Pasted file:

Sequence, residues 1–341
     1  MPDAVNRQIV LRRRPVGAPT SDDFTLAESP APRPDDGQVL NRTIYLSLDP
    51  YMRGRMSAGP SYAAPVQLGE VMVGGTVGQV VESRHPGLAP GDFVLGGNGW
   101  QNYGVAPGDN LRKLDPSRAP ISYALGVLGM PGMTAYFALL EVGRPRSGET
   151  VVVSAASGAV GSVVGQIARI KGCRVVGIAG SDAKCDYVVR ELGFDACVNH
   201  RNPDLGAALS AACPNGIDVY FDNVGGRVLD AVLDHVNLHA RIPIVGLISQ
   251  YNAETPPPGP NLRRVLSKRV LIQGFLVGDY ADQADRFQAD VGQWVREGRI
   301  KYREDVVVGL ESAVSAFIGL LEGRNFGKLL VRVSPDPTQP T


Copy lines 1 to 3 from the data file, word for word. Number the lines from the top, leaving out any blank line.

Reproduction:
Sequence, residues 1–341
     1  MPDAVNRQIV LRRRPVGAPT SDDFTLAESP APRPDDGQVL NRTIYLSLDP
    51  YMRGRMSAGP SYAAPVQLGE VMVGGTVGQV VESRHPGLAP GDFVLGGNGW